John Voorhees

1777 posts on MacStories since November 2015

John, MacStories’ Managing Editor, has been writing about Apple and apps since joining the team in 2015. He also co-hosts MacStories’ podcasts, including AppStories, which explores of the world of apps, MacStories Unwind, a weekly recap of everything MacStories and more, and MacStories Unplugged, a behind-the-scenes, anything-goes show exclusively for Club MacStories members.

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Two Months with Apple’s New M1 iMac

The very first Mac I owned was an iMac. That white polycarbonate, first-gen Intel iMac was the epitome of a family computer, sitting in a central location where everyone in my family could use it for work, school, and projects. I had an early aluminum iMac too, but gradually, portable devices took over, satisfying everyone’s computing needs, and the iMac fell by the wayside.

In the ten years or so since then, the Macs I’ve bought for myself have been laptops and the Mac mini. It’s a flexible combination that has served me well. The mini isn’t as customizable as the Mac Pro, but it suited my needs well, allowing me to easily set up and tear down various peripheral configurations, which became even more useful when I started writing at MacStories. Combined with the MacBooks I’ve owned over the years for when I want to get away from my desk, I haven’t pay much attention to the iMac for a long time.

The iMac has come a long way since the first one I owned (left) and the latest M1 model (right).

The iMac has come a long way since the first one I owned (left) and the latest M1 model (right).

As a result, when Apple sent me an M1 iMac to test, I was curious to see how it would fit in in my home, but I didn’t expect it to rekindle my interest in an all-in-one Mac. Boy, was I wrong.

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Apple Music to Livestream Sold-Out Atlanta Listening Event for Kanye West’s Next Album, DONDA

In a Beats Studio Buds ad that aired tonight during Game 6 of the NBA finals, it was revealed and later confirmed by Def Jam Recordings that Apple Music will be live-streaming a listening event for Kanye West’s highly anticipated album DONDA. The sold-out event, which is being held at Mercedes Benz Stadium in Atlanta, Georgia, will be streamed Thursday, July 22nd at 8 pm Eastern, the day before the album officially drops.

The ad for Beats Studio Buds features American track star Sha’Carri Richardson, the sprinter who was poised to compete in the Tokyo Olympic Games before testing positive for marijuana use. As Richardson gets set to start a race, No Child Left Behind, a track from Kanye West’s upcoming album plays in the background. Rumors of DONDA’s release have been swirling for days, so the Friday release is not a shock to his fans.

Apple Music has participated in some livestream events in the past, such as the live premiere of Billie Eilish’s documentary ‘The World’s A Little Blurry,’ but such events have been few and far between. It’s good to see Apple Music getting involved with big events like this. With the pieces in place to stream audio or video, there’s a lot Apple could do to get involved in live performances too.



New Tokyo level of Skate City Will Debut Alongside Skateboarding Becoming an Official Olympic Sport

This Friday, the Olympics will begin in Tokyo, Japan, and for the first time, skateboarding will be on display as an official Olympic sport. To mark the occasion, Skate City, the Apple Arcade game produced by Snowman and developed by Agens Games, is releasing an update that adds Tokyo to the game’s collection of cities this Friday, July 23rd.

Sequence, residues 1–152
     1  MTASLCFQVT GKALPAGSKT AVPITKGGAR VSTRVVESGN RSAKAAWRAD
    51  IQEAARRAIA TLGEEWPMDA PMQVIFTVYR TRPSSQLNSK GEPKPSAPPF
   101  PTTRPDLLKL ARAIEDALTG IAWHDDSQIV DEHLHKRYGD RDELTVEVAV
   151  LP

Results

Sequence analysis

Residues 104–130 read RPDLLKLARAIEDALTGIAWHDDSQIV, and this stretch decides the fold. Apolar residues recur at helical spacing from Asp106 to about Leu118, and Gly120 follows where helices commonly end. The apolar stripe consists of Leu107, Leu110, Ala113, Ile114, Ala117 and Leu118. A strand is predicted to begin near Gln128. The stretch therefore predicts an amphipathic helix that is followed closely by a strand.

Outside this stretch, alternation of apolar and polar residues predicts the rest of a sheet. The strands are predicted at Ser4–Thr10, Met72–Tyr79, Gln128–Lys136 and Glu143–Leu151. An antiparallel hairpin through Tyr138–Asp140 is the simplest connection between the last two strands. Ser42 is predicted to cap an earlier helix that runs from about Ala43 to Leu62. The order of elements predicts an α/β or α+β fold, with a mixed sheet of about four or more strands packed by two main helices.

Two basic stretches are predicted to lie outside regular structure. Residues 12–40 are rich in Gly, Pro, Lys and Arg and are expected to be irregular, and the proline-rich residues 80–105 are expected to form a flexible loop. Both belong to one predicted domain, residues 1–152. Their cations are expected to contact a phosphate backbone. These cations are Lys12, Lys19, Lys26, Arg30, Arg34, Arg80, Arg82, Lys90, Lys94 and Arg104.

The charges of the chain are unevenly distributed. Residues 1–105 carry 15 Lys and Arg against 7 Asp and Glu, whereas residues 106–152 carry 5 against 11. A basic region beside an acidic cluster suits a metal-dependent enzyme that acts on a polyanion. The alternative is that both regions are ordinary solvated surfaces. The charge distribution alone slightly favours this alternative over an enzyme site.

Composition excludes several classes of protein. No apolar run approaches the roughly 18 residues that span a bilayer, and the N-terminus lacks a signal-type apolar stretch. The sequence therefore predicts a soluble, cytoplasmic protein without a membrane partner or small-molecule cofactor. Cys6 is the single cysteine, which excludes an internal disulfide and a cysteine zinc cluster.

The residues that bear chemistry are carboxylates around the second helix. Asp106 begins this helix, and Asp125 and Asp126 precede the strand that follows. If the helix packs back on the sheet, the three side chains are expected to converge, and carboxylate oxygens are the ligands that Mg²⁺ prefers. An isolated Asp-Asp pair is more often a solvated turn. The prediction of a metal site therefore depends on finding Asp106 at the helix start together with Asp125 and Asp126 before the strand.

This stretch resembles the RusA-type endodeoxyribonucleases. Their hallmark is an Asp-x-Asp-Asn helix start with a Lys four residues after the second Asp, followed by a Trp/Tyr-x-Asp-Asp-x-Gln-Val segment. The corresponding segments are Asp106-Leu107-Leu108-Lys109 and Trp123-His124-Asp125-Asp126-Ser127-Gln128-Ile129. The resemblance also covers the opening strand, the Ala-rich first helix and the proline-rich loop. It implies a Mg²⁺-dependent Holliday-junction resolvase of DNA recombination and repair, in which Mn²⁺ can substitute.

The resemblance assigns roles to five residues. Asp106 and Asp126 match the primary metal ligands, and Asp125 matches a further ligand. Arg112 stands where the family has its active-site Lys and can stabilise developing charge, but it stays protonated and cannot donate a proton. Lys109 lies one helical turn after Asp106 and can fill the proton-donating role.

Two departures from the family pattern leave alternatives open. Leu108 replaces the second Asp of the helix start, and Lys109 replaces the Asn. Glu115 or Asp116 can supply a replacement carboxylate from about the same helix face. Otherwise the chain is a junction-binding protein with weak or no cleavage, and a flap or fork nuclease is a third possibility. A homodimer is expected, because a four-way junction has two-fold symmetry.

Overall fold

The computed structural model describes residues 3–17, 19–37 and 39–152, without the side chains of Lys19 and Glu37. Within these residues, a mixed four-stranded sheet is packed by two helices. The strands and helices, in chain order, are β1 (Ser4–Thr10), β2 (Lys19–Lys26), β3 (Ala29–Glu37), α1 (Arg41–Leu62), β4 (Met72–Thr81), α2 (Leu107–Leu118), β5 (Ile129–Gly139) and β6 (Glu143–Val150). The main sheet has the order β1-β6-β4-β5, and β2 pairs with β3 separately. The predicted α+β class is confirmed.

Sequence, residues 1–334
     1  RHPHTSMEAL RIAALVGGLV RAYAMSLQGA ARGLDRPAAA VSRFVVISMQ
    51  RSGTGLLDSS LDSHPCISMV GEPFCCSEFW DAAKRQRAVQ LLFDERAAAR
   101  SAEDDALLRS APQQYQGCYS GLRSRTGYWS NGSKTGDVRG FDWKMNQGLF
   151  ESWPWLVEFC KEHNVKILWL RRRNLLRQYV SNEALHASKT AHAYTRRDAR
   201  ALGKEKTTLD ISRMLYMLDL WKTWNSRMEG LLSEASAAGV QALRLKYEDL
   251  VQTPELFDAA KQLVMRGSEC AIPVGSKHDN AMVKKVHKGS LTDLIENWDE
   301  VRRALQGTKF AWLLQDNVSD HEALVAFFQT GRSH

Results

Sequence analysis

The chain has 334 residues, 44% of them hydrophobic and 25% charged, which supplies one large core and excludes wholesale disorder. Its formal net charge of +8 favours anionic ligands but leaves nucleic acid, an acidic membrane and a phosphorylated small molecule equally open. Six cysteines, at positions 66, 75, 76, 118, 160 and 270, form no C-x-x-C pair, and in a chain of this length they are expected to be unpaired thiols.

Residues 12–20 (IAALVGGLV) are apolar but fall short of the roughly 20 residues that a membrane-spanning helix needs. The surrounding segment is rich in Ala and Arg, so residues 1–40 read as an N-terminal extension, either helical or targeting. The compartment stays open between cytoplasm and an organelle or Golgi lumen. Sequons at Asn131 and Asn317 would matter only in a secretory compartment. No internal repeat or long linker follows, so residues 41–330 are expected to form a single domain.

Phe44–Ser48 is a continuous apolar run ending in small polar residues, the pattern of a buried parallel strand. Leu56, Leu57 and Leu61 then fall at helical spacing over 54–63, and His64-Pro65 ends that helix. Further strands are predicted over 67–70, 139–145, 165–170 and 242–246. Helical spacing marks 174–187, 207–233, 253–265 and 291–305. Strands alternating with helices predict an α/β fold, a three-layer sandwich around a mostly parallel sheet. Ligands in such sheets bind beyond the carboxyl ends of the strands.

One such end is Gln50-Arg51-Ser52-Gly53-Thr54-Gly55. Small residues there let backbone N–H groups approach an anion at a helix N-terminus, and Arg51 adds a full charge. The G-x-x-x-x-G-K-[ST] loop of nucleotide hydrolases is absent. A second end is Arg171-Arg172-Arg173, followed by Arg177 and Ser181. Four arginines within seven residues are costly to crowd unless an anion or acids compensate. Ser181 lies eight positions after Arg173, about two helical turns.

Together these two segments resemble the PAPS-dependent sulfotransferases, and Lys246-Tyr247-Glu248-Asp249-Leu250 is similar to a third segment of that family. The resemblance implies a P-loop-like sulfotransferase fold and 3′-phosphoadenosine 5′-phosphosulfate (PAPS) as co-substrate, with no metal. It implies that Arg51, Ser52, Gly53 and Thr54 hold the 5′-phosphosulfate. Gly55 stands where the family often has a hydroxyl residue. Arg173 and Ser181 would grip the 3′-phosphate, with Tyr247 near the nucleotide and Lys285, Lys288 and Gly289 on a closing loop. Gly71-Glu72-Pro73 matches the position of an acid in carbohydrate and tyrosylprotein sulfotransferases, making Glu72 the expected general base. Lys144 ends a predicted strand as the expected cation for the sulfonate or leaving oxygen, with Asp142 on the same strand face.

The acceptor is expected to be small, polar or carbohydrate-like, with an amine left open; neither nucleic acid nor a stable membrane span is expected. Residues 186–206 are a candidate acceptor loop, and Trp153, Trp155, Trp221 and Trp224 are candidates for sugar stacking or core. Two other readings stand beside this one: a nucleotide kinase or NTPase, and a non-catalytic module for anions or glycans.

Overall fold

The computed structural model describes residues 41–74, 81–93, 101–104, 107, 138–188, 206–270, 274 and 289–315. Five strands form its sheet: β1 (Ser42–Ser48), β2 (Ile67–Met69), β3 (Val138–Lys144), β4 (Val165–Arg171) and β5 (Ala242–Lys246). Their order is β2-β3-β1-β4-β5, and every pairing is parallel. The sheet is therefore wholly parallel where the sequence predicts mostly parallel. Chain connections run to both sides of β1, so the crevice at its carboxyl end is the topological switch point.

According to Ryan Cash of Snowman:

For the last few years we’ve been looking for an interesting way to tie a real-world event into something we make, but we never wanted to do anything that didn’t feel meaningful. When the Tokyo games were announced it was a no-brainer for us. Skateboarding’s coming to the Olympics for the first time in history, which is a triumphant moment for the sport. We knew we had to be part of it in some small way.

The new Tokyo level features 21 new challenges and 30 new goals in Endless Skate mode, along with additions to the game’s soundtrack, new decks and clothing options to unlock, and leaderboards.

Judging from the trailer, the latest expansion, which Snowman says is Skate City’s largest yet, looks fantastic. The cityscape is full of vibrant, neon colors that set it apart from the other cities in the game.

Skate City was one of the original Apple Arcade launch games, and it remains one of my favorite games released on the service so far. I’m eager to give it a try and plan to do so as soon as it’s released on Friday. I’ll be covering my first impressions of the game along with Alto’s Odyssey: Lost City, which is also produced by Snowman and got a big update last week, on this week’s episode of MacStories Unwind, which will be out later on Friday.


MacStories Unwind: Apple’s MagSafe Battery Pack, New Emoji, and Troubles with the HomePod Beta

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This week on MacStories Unwind:

MacStories

Club MacStories

  • MacStories Weekly
    • Federico kicks off a series of stories on his Obsidian setup
    • John shares his early experiments with Shortcuts for Mac

AppStories

Apple Arcade Update

Unwind


Emojipedia Publishes Renderings of Draft Emoji

The process of adopting new emoji as part of the Unicode character set continues, and today, Emojipedia has what it anticipates will be part of the Emoji 14.0 collection. These emoji represent the complete set of draft emoji that the Unicode Consortium will vote on in September, so there’s still a possibility that there could be changes. The approved emoji are expected to begin showing up on devices and in apps in late 2021 and into 2022.